Magazine article Artforum International

The Project. (Reviews)

Magazine article Artforum International

The Project. (Reviews)

Article excerpt

TRACEY ROSE

History is constantly scoured for anything sufficiently passe to import to the present as currency of contemporary cool. A likely candidate would be early feminist art, for a more neglected genre you're not likely to find--but things have definitely begun to change. A new generation is producing a feminist art that is expansive in its attention to fractious subject positions occurring under social regimes that impose essentialist views of gender and race. At the forefront is Tracey Rose, a young South African artist who grew up under apartheid classified as "colored" and whose personal experiences and anger motivate a politically grounded, performance-based practice.

Part of Rose's appeal is her fluid referencing of '60s and '70s performance art. When pushing herself beyond the point of physical exhaustion, parodying racial stereotypes, or overlaying sex with violence and pleasure with pain, Rose locates herself among women who have previously confronted themselves (and others) in their art. Valie Export, Marina Abramovic, and Adrian Piper come to mind--all were inventing formal languages to "break through the frame" of gender and race around the time Rose was born.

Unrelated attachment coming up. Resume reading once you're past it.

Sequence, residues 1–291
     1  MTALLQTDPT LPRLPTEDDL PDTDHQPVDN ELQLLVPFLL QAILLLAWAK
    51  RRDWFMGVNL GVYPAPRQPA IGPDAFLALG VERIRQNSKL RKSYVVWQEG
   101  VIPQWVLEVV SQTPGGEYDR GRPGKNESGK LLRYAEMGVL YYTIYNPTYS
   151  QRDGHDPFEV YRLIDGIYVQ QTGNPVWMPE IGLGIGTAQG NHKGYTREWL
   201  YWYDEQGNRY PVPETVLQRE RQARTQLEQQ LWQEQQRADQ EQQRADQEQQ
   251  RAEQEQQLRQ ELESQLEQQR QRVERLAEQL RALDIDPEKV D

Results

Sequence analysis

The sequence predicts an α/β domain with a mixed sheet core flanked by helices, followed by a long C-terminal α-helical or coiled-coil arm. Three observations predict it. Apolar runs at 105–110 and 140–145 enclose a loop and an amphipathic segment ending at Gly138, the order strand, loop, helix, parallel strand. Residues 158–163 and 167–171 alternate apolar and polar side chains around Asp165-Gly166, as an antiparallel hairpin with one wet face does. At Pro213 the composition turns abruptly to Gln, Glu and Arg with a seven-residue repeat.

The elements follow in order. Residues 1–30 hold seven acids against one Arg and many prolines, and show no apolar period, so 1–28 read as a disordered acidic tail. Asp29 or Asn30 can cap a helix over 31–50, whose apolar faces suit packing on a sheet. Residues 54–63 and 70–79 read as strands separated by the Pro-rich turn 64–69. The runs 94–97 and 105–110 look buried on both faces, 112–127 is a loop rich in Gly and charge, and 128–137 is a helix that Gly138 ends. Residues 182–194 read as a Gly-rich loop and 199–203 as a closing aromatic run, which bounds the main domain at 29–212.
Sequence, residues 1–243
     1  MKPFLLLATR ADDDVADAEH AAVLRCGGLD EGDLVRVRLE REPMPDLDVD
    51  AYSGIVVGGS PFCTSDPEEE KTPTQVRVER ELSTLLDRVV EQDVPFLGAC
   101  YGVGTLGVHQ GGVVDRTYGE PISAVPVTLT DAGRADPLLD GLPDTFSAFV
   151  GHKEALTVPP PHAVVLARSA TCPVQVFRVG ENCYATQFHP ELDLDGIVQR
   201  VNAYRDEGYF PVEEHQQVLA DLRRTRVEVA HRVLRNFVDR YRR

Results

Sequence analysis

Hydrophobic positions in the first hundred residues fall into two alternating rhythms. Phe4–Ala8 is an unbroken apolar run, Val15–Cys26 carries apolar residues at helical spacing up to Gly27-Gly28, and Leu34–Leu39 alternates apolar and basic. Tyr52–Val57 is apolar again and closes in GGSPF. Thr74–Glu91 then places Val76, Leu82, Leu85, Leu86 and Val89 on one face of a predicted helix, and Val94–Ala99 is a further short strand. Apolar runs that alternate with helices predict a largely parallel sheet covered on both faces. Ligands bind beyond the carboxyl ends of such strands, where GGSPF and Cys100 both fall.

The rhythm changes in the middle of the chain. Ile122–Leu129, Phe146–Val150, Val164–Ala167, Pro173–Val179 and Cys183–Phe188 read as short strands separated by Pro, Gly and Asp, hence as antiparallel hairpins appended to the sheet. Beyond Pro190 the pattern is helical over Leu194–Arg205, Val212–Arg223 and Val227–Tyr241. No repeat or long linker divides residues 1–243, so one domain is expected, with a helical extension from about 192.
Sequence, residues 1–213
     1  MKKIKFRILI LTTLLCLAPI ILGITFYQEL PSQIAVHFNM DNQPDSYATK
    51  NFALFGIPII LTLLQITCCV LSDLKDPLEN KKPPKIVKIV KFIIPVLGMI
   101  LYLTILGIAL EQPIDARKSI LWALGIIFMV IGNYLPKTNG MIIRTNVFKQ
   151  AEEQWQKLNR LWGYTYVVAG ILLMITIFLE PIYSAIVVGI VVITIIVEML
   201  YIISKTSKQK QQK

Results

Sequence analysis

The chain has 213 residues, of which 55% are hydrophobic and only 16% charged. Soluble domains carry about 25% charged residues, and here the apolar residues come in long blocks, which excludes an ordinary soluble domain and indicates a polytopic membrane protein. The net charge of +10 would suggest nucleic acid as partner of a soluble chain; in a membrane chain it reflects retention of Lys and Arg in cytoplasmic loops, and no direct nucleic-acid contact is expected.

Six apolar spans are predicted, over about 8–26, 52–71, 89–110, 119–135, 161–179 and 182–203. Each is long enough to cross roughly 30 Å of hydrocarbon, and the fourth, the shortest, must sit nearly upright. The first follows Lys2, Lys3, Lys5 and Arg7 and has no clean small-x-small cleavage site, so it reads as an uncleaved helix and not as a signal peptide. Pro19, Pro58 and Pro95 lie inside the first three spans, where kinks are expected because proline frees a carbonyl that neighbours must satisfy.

Breaking through frames is a literal act in TKO, 2000, one of several DVD projections in Rose's second one-person show in New York. In the video, four cameras capture a nude Rose during a punishing workout. One camera was embedded in a boxing bag that spins under her punches; the other three were variously positioned inside the makeshift architectural structure in which the event occurs. The single-channel result is that Rose appears to box the camera and herself, while she also seems boxed in by the constantly shifting planes of the temporary walls that surround her. Although the work is projected onto a translucent scrim as a grainy black-and-white image--which creates a "vintage" look--editing technology sets Rose's art apart from anything predigital. …

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